Every person I know that used the Arc’teryx AR-395a loved it. Combine this with great versatility and features, and we couldn’t help but choose it our top pick as the best climbing harness the money can buy. While it isn’t as padded as other harnesses, the AR-395a makes up for it with its “Warp Strength” design, which evenly disperses the load across the whole harness.
Overall, the AR-395a is by far the lowest profile harness we tested. An advantage of this design is that this harness is so thin that it disappears from thought as you’re crushing your latest project. It is one of the most versatile harnesses we reviewed and excelled at everything except super extended periods of hanging.
The biggest downside to this harness is definitely the steep price point. At $160, you could buy two discipline-specific harnesses (instead of an all-arounder like the 395a) and still have some cash left over to treat yourself at the end of a long climbing day.
Pick up the Arc’teryx AR-395a if you want a harness that you’ll love hanging and climbing in. The gear loops are easy to use and super adjustable since you can reverse the rigid plastic if you like. Although it’s the most expensive product in our review, this sleek harness is sure to turn heads and keep you crushing routes all days long.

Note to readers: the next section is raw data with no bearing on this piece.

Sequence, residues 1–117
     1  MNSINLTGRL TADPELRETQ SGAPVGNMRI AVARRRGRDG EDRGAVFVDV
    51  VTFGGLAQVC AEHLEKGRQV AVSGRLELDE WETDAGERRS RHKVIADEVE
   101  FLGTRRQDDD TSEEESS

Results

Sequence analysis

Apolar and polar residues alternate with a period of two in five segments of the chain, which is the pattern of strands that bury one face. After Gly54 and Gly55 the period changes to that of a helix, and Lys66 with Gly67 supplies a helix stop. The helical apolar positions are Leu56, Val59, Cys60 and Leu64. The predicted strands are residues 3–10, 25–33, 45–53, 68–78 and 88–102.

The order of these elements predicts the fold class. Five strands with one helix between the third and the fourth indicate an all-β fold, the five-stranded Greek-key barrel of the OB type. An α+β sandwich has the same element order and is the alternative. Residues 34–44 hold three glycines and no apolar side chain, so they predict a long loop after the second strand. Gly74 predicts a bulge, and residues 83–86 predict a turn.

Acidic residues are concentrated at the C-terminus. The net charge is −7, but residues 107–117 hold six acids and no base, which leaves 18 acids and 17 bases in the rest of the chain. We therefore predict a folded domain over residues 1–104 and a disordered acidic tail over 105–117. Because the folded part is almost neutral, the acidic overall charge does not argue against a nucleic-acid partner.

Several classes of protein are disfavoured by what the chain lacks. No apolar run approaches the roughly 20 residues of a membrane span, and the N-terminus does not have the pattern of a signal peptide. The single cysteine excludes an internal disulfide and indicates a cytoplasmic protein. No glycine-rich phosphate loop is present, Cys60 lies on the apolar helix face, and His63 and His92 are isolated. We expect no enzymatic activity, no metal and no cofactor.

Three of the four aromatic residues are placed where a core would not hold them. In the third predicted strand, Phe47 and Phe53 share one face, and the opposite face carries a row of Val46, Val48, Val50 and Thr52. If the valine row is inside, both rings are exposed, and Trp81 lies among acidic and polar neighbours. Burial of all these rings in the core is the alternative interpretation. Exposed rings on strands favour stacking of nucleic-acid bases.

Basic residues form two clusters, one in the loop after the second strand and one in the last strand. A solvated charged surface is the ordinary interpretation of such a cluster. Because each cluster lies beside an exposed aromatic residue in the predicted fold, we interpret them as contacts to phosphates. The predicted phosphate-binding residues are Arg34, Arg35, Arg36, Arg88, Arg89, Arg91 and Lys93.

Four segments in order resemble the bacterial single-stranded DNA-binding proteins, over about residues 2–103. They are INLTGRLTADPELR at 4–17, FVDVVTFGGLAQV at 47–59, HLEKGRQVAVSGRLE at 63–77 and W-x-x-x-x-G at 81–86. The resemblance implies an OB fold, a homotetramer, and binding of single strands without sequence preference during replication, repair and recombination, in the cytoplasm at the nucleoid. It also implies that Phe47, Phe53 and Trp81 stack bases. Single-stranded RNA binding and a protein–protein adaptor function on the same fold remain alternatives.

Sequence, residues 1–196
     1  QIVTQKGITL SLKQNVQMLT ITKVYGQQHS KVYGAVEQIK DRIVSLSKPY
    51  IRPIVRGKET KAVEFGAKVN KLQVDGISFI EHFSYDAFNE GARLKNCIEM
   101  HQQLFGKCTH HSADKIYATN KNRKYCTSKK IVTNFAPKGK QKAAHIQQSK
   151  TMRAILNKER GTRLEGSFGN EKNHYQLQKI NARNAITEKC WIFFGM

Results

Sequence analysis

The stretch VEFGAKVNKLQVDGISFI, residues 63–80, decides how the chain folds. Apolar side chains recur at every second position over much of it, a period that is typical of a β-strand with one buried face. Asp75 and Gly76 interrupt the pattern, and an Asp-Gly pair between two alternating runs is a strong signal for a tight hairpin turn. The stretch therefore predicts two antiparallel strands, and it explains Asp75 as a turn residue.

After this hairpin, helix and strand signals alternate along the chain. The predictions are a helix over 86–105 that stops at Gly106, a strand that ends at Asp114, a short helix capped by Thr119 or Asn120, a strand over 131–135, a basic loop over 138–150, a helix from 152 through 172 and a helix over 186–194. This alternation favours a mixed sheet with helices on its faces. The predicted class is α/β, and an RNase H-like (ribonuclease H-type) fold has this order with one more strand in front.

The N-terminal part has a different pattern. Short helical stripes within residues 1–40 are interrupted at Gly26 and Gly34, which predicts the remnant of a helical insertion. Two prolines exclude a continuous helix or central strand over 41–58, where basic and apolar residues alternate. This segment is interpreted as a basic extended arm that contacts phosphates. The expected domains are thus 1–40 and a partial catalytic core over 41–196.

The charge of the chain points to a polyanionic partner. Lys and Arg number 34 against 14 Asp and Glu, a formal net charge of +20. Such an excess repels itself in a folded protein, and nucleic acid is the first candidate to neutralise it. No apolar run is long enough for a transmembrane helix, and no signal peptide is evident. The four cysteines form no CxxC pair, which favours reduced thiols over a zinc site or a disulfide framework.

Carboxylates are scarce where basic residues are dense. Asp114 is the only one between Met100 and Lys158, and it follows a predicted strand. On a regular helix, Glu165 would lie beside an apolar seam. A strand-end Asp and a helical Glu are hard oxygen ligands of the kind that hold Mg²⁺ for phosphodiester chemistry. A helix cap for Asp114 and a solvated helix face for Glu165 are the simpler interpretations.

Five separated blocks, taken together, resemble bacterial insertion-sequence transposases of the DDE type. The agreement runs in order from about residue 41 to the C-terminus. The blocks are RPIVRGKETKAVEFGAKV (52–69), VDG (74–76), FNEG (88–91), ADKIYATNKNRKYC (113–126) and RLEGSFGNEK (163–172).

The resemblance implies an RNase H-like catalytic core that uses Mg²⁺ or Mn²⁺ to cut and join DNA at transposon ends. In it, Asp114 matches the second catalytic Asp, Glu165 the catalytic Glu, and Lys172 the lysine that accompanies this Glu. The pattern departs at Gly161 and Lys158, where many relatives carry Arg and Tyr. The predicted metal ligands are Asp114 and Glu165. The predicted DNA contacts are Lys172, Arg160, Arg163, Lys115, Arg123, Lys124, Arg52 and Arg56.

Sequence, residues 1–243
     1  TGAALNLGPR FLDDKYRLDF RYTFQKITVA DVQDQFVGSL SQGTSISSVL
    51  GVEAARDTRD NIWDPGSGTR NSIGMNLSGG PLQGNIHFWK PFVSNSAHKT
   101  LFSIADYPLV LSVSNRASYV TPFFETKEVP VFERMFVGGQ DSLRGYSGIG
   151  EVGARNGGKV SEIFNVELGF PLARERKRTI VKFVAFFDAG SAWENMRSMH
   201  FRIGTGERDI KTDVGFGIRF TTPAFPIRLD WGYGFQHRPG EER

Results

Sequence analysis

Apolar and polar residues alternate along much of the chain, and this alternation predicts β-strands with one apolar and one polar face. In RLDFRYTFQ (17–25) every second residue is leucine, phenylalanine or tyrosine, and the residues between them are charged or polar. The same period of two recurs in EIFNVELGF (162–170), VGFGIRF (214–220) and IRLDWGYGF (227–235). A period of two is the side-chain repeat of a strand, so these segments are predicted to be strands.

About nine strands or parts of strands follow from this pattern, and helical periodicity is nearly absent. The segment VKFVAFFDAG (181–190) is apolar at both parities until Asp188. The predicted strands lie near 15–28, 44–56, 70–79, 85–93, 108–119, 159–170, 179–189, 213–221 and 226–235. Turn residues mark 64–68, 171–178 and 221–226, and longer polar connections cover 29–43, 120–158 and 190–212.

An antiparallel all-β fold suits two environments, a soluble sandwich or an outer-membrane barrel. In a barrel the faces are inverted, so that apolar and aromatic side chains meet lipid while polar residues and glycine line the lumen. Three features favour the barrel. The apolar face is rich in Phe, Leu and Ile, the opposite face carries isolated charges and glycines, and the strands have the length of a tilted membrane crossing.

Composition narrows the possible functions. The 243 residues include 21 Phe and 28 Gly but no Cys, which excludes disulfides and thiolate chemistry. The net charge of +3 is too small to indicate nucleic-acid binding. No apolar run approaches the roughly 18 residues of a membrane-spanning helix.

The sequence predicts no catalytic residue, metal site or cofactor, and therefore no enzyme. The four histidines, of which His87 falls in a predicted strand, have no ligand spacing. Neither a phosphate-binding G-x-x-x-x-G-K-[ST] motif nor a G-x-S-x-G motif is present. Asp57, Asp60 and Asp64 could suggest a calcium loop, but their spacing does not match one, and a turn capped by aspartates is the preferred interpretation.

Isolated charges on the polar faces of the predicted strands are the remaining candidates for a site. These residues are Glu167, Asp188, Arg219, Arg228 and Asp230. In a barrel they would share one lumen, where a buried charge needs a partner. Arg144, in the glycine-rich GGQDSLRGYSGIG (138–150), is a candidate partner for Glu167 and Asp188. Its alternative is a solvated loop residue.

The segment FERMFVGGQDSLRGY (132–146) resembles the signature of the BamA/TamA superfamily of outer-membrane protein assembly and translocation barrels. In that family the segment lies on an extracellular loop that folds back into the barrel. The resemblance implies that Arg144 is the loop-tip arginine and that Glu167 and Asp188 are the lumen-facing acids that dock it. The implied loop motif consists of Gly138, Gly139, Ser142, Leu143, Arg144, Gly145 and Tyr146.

How Comfortable is It?
The Arc’teryx AR-395a was one of the most comfortable harnesses for belaying and standing around at the crag. The supple construction of the waist contours to your body and vanishes from thought. This harness is so thin, it’s very easy to forget you’re wearing it when standing or climbing. However, it didn’t receive a perfect score because some reviews complained about a lack of breathability. While we didn’t find it as sweaty as the Metolius Safe Tech All-Around, it also didn’t feel as breathable as harnesses with mesh on the sides like the Mammut Ophir 3 Slide. The AR-395a also features the widest waist of any in the review. If sweaty harnesses are a big issue for you, you might prefer one that’s narrower and has more mesh. Other than that, the standing comfort was superb.
The Warp Strength Technology Arc’teryx uses in this harness is similar to Black Diamond’s Kinetic Core Technology. Both attempt to evenly distribute the load onto the entire surface of the waist and leg loops. Traditional harnesses distribute the load by padding a relatively narrow strip of webbing. Split webbing designs use two pieces of webbing along the edges of the harness with foam in between. Meanwhile, the Kinetic Core and Warp Strength technologies feature fibers that are spread across the entire width of the waist belt and leg loops, thus distributing the load evenly.